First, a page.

Living in Japan with Diabetes
Guest blogger, Kim Cooper, shares her story of traveling to Japan and the many challenges she faced dealing with her T1D along the way.
Konnichiwa culture shock! I set off on my first trip to Japan as a university exchange student. I couldn’t wait to study the language and culture firsthand. But not only did I have to get accustomed to the ins and outs of living in a foreign country rich in unusual and unique traditions, I also encountered new challenges living with type 1 diabetes. Here are the top five diabetes hurdles on my journey.
1. The Never-ending Flight
I arrived at Kansai International Airport in Osaka, Japan after approximately 15 hours of flight. I had never been on a plane for more than four hours prior to this so I wasn’t exactly a pro at knowing how to handle diabetes in the air. Sure, I could close my eyes and picture myself doing jumping jacks to burn off the high-carb in-flight meal, but unfortunately imagination didn’t help. I ended up dealing with the dreaded blood-glucose rollercoaster. Up and down the entire flight, my rocky blood sugar ride was a good lesson: pack my own food—even when heading to the land of the rising sun.
2. Surrounded by Steamed Rice
I lived with a host family and although they were aware of my diabetes, they showered me with traditional Japanese food. There was one major problem: the delicious dish of steaming white rice that sat calling my name at each and every meal (yes, including breakfast). When I tried to ignore it beckoning to me in English, it would lure me in Japanese. For some reason, it was much harder to resist gohan than rice, despite knowing full well that it was a carb overload. Every meal was a test of my gohan willpower.
3. Teeming Trains
As soon as I set foot on commuter trains, I wondered if I was breaking a sweat because of a low or because of pure anxiety. I had never seen so many people occupying such little space. And I never imagined that I would have trouble reaching for my sugar pills on a jam-packed train while trying not to let go of the pole that kept me upright. I quickly learned to plan ahead before boarding crowded trains!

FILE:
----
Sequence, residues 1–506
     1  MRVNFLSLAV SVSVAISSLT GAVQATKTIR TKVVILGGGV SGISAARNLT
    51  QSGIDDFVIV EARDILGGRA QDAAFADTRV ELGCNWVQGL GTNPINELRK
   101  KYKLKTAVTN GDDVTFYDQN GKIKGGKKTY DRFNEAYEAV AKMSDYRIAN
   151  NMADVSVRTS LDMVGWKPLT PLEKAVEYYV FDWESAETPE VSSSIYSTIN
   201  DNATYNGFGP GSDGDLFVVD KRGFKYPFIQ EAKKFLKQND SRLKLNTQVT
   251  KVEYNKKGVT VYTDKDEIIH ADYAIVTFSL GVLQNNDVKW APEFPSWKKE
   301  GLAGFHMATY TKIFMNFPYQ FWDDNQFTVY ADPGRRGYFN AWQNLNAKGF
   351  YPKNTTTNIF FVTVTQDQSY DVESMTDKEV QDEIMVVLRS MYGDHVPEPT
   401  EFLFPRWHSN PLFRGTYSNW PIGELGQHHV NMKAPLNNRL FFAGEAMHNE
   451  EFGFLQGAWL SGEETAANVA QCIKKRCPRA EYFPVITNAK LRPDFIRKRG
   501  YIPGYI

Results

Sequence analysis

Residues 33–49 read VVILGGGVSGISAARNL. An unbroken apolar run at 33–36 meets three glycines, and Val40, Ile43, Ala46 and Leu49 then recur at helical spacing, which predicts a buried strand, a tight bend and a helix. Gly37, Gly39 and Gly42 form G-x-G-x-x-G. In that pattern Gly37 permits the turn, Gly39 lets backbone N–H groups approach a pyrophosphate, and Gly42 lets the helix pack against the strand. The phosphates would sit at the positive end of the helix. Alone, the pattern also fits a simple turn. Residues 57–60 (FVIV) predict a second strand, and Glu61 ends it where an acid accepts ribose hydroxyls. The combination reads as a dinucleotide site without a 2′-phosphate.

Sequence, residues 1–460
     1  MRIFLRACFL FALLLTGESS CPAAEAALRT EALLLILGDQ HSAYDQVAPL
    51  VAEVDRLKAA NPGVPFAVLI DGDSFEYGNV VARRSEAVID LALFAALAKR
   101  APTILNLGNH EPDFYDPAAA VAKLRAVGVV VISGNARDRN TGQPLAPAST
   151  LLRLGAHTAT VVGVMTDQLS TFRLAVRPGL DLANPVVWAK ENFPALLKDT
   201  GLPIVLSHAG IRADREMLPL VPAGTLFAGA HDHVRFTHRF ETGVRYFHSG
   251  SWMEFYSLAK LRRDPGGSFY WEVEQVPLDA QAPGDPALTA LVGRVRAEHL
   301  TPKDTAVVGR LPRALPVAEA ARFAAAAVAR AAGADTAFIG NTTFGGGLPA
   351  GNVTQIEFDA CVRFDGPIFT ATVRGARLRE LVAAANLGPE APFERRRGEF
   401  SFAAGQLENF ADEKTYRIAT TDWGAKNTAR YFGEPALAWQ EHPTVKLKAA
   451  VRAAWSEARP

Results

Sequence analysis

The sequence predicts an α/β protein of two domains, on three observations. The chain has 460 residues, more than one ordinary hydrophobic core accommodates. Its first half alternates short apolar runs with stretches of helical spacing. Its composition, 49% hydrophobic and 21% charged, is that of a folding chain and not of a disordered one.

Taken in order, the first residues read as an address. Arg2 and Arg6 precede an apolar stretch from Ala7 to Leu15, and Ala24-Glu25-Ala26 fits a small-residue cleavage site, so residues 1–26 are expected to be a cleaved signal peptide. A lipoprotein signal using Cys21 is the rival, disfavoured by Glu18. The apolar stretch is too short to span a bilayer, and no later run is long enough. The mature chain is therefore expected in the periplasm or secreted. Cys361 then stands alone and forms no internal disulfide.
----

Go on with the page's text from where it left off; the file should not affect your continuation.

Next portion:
Japanese convenience stores, Konbinis, brought temptation to a new level. Konbinis are stocked with scrumptious high-carb meals like obento (lunch boxes), onigiri (rice balls), and instant ramen. And how in the world was I supposed to say no to chocolate wrapped in cute pink packaging? The candy shelves were chock-full of adorable-looking sweets. However I quickly found out that I didn’t feel very cute after a konbini choco-indulge! It was best to steer clear of all konbinis after school.
The most difficult thing about living in Japan was being far away from my support network. I phoned my family on a regular basis but it wasn’t the same as having them nearby to confide in and talk through my difficulties. It’s family, friends, and organizations like the JDRF that truly make coping easier, and I realized this even more so when travelling overseas.
Despite diabetes challenges on my journey, I had the time of my life! The experience made me stronger and more determined than ever that diabetes wasn’t going to stop me from doing anything. It also set the stage for knowing what not to do on my second and third trips to Japan!
Have you travelled with diabetes? Comment below and share your story.
Bio: Kim Cooper is the editor of OWL Magazine (owlkids.com) and has had type 1 diabetes for over 30 years. She enjoys writing stories, learning about health and fitness, and connecting with others in the diabetes community.